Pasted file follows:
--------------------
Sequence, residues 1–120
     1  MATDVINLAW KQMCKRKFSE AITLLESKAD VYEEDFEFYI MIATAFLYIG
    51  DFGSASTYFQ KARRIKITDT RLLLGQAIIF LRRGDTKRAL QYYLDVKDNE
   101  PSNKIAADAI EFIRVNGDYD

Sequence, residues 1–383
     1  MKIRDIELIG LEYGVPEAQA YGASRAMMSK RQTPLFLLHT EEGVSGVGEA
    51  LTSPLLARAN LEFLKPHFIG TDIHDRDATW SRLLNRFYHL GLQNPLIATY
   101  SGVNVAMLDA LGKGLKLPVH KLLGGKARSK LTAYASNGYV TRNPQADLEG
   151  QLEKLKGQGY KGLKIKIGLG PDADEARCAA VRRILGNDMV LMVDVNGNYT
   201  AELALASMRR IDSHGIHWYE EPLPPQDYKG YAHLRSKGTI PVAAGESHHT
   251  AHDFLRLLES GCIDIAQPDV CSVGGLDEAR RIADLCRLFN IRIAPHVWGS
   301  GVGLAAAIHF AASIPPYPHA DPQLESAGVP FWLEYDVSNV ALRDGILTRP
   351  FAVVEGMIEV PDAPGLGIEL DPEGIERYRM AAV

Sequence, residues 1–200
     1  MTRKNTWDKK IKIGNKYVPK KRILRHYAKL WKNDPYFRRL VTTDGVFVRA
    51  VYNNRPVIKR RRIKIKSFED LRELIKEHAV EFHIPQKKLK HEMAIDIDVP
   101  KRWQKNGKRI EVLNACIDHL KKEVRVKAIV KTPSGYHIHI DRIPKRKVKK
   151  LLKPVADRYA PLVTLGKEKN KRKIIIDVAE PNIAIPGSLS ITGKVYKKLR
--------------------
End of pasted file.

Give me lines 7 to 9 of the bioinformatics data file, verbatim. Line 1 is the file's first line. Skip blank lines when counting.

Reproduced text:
    51  LTSPLLARAN LEFLKPHFIG TDIHDRDATW SRLLNRFYHL GLQNPLIATY
   101  SGVNVAMLDA LGKGLKLPVH KLLGGKARSK LTAYASNGYV TRNPQADLEG
   151  QLEKLKGQGY KGLKIKIGLG PDADEARCAA VRRILGNDMV LMVDVNGNYT